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Working without wincing

Medical & health articles

Working from home on a daily basis has become a new normal for many of us during the pandemic. Jean Hailes physiotherapist Amy Steventon offers her advice on making sure you’re perfectly positioned to do it in comfort.

Do you ever have a sharp pain when you move your neck? Does the pain spread to your back, shoulders and/or arms? Chances are that the more hunched we sit at our desks or stare chin-first into our smart phones or computers, the more likely we are to suffer from ‘tech-neck’.

That’s the new buzz term for an increasingly common condition caused by spending too much time on our devices.

COVID-19 has driven most of us from our well-designed office spaces, where the ergonomics of how we work (that is, the safety and comfort of our work areas) is taken into account. Now, we’re more likely to be sitting on a dining chair at the dinner table, where we are now at greater risk of not just tech neck, but also mid and lower back pain because of incorrect posture.

Jean Hailes physiotherapist Amy Steventon says it is possible to minimise your risks by following a step-by-step guide for setting up an ergonomically safe home workplace.

Fact sheets for healthier working from home

Of course, a safe home workplace isn’t just about posture. Our new working arrangements highlight the need to look after our emotional as well as our physical wellbeing. We may be working in isolation, but we can still tap into the team spirt we used to enjoy in the office by staying in regular touch with our colleagues.

“I think it’s also very important for us to enjoy some fresh air – open up those windows, take a stroll in your garden, take regular breaks from the screen,” says Ms Steventon.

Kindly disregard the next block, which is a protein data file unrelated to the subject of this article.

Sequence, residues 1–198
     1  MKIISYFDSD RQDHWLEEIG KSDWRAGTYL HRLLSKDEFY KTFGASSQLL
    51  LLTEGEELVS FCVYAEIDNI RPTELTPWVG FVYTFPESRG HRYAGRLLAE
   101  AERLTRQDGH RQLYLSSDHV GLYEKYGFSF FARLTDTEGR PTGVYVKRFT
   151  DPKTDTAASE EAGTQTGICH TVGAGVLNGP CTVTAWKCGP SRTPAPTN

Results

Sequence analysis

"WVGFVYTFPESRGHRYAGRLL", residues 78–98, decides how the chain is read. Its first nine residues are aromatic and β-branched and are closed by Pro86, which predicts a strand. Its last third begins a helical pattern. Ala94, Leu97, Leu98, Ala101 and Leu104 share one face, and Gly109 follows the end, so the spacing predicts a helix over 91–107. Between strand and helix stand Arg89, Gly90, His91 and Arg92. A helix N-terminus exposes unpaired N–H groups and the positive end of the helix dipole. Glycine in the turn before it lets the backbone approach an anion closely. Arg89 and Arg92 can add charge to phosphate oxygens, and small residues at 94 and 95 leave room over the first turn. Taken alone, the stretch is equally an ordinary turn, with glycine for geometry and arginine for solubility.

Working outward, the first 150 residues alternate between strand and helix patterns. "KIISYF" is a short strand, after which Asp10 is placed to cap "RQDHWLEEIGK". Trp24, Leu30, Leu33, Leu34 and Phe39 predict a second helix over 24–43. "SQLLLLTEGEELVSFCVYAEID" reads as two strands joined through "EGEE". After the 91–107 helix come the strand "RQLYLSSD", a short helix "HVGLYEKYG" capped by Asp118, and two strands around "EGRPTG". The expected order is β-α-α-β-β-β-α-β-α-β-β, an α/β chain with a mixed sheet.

Ms Steventon says it is also important to establish boundaries between our work and home life. “Structure the day so that you have a start time and a finish time,” she says.

The new work dynamic also provides women with the opportunity to incorporate pelvic floor exercises into part of their regular exercise routine, which can help improve bladder and bowel health as well as reduce the risk of prolapse.

“Pelvic floor exercises are an effective way of preventing and treating incontinence and pelvic organ prolapse,” says Ms Steventon. “With the change of your normal routine, now is a great time to make these exercises a daily habit.”

Here are Ms Steventon’s guidelines for getting yourself set up ergonomically safely to work at home.

Workstation set-up


Set your feet flat on the floor. If you feel pressure on your thighs, use a footrest to raise your feet.


  • When seated, your knees should be flexed at a 90-degree angle, thighs parallel to the floor. Ideally you should have about a 3-5 finger span between the chair edge and the back of your knee.
  • Ensure there is some clearance between your thighs and the underside of your desk.


  • The aim is a firmly cushioned back (lumbar) support. Sit back in your seat so it contours your back. You can use a cushion or a rolled-up towel to support the natural curve in your back. The weight should be taken firmly through the bones under your buttocks.